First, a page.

Rarely does a bureaucratic institution, in this case the Pentagon, ask Congress to take away its own power. But that is exactly what happened when Defense Secretary Chuck Hagel asked Congress this week, after an internal review of sexual assault cases, to change the laws governing military justice. His request: Congress should limit the legal latitude given to commanders who have often abused their stature to protect sexual assailants.
In other words, Congress should tie the military’s own hands.
The changes are welcome, but hardly inspiring. Essentially, the military can’t trust its own senior leaders to do right and thus doesn’t want them to have the power to do any more wrong. Seen in this light, there should be only cautious optimism in response to the Pentagon’s move to protect victims of sexual crimes. The time to celebrate will be when the Pentagon can actually reduce sexual violence. That is about 19,000 sexual assaults a year away.
The case that triggered the review involved F-16 pilot Lieutenant Colonel James Wilkerson. Found guilty of sexual assault by a military jury, Wilkerson was instead set free. His commander, Air Force Lieutenant General Craig Franklin, invoked his convening authority and summarily dismissed Wilkerson’s verdict. The “convening authority” is a unique aspect of military law and gives commanders the freedom to overturn a verdict.
Outrage followed Wilkerson’s release, and Hagel promised to reassess the entire military justice system, including the convening authority, which has been a facet of military justice for centuries. It allows for “absolute power” to set aside findings of a military court “for any or no reason, legal or otherwise.” Not even Hagel could have altered Franklin’s decision.
The review is now complete and the Pentagon is seeking to eliminate the discretion to alter verdicts in major cases and, for any minor offenses, to require a written explanation. It is up to Congress to turn Hagel’s fixes into law, an effort being led by women legislators across the aisle.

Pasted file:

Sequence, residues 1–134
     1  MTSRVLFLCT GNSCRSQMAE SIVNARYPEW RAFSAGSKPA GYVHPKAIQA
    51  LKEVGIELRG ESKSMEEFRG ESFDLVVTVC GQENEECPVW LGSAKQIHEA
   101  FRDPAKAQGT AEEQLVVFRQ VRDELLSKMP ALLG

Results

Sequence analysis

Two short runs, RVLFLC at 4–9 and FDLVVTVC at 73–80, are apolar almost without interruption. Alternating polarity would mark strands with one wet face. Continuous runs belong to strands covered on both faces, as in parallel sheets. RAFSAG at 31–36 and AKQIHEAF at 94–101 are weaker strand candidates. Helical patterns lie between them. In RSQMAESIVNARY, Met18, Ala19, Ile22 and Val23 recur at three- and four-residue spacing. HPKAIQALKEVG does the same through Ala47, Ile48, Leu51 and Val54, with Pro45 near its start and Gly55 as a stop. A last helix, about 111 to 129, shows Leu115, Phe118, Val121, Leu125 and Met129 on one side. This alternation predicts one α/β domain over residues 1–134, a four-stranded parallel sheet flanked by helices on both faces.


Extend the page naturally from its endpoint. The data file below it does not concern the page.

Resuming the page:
These proposals follow a much less public change made by Director of National Intelligence James Clapper last week. Effective immediately, women need not answer “yes” to a question on the standard security-clearance form asking if they have ever had mental health counseling, as long as their therapy was in response to a sexual assault. Women can now protect their privacy and still receive classified information.
It is difficult to underestimate the significance of Hagel’s decision for the military. The changes he is proposing cut to the core of its approach to justice. They are clearly intended to make a statement about the Pentagon’s tolerance for a boy’s network that protects its own.
But in announcing these legislative reforms, Hagel still conveyed a sense of the task still to come: Despite the intense focus on sexual assault and efforts to protect women, “it is clear the department still has much more work to do to fully address the problem.”
Indeed, Hagel’s proposed changes don’t include the clearest way to reduce sexual assault in the military: Put the fear of justice in the hearts and minds of potential perpetrators. In cases of sexual assault, the entire convening authority, which also determines whether a case can go forward, should be taken from a commander’s hands and given to an independent or civilian authority.
The announced changes only tie commanders’ hands after a conviction has come down. They will not touch any abuses of power prior to the case. For there to be a guilty verdict, there must first be a trial, and right now, the commanders are the sole determinants of whether trials come to pass.
The Defense Department’s own numbers tell the story. According to the latest Pentagon statistics, a small fraction of the estimated 19,000 sexual assaults are formally disclosed to authorities. Only about 1,100 troops filed for an investigation in 2012; from those, just 575 cases were processed.
Of the cases processed, 96 went to court-martial, which is about 17 percent of the processed assaults — and barely 0.5 percent of the number of attacks the Pentagon believes actually occurred.